The 208 pages between the covers of this
book contain an astounding gathering
of information and knowledge for your
reading and collecting pleasure.

Here is a chapter-by-chapter outline
of what you will find in The Jewel Box Book:

Pages 6-17

Pages 12-13

Pages 6–17
Offers invaluable information on the events ofthe period that led to the successful rise in popularityand sale of art metal jewel boxes, such as:improved manufacturing processes, increased worldtravel, the world exhibitions in Philadelphia (1876), Chicago (1893), and St. Louis (1904), the establishment of the mail order catalog, and the  birth of the United States Parcel Post service, to name a few.

Pages 18-73

Pages 42-43

Pages 54-55

Pages 18–73
Explores the many decorative styles that the boxes are known for, from Art Nouveau to the revival of American Colonial, European and Classical design elements. Also—in great detail— are the hundreds of decorative motifs used in the decoration of the boxes; including the identification of floral patterns — along with the sentimental meanings assigned to them by the Victorians.

Pages 74-102

Pages 74–102
Unravels the mystery of the fabrics used in the linings, and reveals the often unnoticed bottoms of the boxes with their beautiful designs and manufacturer's signatures or markings. The attachment of legs is also examined. Metal composition—Britannia metal to brass and bronze are explained. Fine finishes, from Ormolu gold, to ivory are also covered; as well as the final finishing techniques, such as the bright finish, and the burnishing of goldand silver.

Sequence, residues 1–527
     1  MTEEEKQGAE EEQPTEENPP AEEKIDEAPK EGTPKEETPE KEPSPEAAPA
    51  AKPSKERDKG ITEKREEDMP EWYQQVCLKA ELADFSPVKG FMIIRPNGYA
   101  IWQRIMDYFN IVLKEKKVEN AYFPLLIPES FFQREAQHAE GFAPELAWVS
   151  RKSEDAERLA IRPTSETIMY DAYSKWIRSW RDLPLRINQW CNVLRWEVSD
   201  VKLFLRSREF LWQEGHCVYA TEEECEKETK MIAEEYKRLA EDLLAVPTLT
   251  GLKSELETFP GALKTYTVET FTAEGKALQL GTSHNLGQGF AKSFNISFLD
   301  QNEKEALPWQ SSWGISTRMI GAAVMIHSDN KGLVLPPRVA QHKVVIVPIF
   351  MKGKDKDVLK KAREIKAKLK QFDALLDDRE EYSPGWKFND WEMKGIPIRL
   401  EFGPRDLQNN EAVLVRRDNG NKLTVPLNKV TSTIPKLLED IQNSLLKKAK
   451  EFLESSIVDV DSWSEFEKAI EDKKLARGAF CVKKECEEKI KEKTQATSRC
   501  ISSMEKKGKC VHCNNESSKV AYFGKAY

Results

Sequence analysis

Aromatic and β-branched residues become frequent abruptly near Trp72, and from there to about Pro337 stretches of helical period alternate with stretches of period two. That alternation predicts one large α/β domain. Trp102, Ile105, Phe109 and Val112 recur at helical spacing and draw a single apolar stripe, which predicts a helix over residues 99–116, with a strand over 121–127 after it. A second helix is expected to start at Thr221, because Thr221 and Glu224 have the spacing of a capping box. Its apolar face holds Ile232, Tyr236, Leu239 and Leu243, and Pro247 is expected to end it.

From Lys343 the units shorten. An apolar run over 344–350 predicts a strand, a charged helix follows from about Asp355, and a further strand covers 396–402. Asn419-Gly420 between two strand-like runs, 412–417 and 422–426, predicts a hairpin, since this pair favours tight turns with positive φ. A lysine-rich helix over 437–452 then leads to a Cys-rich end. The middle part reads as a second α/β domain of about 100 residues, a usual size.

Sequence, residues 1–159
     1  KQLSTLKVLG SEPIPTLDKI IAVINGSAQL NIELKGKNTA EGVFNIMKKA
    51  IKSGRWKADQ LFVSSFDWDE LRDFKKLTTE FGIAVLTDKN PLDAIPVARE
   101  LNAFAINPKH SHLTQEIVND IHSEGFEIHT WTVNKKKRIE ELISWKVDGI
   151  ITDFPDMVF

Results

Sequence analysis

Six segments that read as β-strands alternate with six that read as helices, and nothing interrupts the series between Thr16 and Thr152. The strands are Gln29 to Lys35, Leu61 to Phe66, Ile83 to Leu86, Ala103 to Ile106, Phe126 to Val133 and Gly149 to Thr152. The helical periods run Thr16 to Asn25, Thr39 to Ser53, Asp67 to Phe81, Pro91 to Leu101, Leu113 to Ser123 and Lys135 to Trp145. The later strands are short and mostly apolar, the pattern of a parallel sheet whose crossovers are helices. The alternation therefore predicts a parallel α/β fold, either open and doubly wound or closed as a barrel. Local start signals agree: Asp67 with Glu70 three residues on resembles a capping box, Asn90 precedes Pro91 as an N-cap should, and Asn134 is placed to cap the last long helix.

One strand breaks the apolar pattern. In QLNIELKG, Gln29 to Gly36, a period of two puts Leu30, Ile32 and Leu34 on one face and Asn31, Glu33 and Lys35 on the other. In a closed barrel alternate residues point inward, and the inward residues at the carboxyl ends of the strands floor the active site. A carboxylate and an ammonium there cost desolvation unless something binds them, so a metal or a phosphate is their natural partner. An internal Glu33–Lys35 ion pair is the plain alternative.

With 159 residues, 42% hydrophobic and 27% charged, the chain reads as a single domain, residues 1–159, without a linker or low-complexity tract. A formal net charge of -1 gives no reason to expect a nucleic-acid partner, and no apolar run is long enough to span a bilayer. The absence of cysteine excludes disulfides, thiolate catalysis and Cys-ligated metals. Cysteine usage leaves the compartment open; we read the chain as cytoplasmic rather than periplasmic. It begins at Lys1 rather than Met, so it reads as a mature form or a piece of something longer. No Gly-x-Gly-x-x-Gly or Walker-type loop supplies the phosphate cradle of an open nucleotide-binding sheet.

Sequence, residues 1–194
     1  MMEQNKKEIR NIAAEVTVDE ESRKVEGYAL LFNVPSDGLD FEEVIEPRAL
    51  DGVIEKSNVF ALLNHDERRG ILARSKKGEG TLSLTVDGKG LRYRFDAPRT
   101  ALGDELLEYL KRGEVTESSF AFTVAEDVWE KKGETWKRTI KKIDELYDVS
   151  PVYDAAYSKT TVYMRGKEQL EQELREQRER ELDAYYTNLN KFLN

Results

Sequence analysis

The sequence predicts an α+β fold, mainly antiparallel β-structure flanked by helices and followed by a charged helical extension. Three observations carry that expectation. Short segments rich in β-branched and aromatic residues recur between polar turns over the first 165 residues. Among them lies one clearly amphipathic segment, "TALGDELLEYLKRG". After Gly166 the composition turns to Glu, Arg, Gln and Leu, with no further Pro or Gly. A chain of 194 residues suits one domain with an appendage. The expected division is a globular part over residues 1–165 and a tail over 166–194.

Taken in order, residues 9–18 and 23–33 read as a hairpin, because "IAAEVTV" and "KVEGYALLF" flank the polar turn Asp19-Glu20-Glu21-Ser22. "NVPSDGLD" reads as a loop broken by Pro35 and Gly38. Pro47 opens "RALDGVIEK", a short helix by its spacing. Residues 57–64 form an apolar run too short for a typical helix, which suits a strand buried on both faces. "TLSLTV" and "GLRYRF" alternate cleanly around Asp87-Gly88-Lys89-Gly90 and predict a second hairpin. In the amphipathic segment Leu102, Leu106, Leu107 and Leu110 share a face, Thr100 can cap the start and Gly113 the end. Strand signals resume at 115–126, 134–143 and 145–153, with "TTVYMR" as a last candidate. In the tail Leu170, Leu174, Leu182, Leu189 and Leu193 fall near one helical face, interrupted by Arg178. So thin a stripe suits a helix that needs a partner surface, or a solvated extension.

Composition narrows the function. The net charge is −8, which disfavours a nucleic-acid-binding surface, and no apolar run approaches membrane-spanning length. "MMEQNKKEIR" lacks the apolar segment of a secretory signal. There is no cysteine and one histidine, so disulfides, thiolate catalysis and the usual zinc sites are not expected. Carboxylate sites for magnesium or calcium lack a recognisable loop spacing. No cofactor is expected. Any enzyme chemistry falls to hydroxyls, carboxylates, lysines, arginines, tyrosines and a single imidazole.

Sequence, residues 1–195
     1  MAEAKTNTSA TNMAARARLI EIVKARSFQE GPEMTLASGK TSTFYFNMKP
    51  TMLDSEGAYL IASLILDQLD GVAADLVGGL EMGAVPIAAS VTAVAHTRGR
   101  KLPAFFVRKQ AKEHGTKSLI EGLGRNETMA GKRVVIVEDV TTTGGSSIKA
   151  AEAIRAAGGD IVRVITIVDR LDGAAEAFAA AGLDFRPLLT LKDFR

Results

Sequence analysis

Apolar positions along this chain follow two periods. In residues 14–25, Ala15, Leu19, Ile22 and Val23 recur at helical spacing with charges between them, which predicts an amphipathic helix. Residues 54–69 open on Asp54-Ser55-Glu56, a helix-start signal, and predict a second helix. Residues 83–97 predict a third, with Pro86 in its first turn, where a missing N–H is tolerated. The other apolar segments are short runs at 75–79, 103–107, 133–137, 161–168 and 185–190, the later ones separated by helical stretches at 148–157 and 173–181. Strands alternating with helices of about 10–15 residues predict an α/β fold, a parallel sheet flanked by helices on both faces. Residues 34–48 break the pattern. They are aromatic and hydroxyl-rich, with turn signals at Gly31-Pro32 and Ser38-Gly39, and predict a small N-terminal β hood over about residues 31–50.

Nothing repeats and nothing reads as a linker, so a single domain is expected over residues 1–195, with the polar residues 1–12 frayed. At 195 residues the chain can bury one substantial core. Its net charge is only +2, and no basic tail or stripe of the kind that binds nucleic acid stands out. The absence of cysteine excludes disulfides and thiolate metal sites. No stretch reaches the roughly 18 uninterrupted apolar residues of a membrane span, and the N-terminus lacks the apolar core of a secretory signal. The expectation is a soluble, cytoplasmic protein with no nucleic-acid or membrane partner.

Wards SpreadPage 103

Pages 103–134
Transports you into the business and marketing issues of the period with discussions on trademarks, patents, copyrights, quality control, and sales and marketing with a surprising side-trip into the practice of design pirating, which was a common practice during the early days of manufacturing. This section also contains 25 pages of the popular mail order companies (Montgomery Ward and Marshall Field shown here), and many major wholesale houses that sold to retailers (Baird-North Co. shown here). A catalog cover is shown with the pages from the catalog that offered a selection of jewel boxes to their intended customers.

Page 135Pages 158-159

Pages 135–190
Presents the major manufacturers and their boxes—from Anchor Silver Plate Company to Weidlich Brothers Manufacturing Company, as well as information onboxes manufactured in Germany and imported into the US. You will learn about each company, its products and history. This section displays photos ofhundreds of boxes from the author's collection as they relate to the individual manufacturer. Signature marks (logos) are also shown for each company.

Page 192

Pages 191–207
A special treat — begins with "The Language of Flowers" from the 1883 Collier's Cyclopedia of Social and Commercial Information. This is a listing of hundreds of flowers, herbs, vegetables and trees, with their Victorian meaning:
Rose, White . . . I am worthy of you
Cabbage . . . Profit
Oak Tree . . . Hospitality
Then "The Royal Road to the Language of Flowers", where you will find the plant to match the occasion:
Bashful shame . . . Deep Red Rose
Reward of merit . . . Bay Wreath
Virtue . . . Mint
Also in this section: Dating of Jewel Boxes, References (Catalogs, Periodicals and Books cited) Meaning of Other Common Motifs and Jewel Box Value Guide.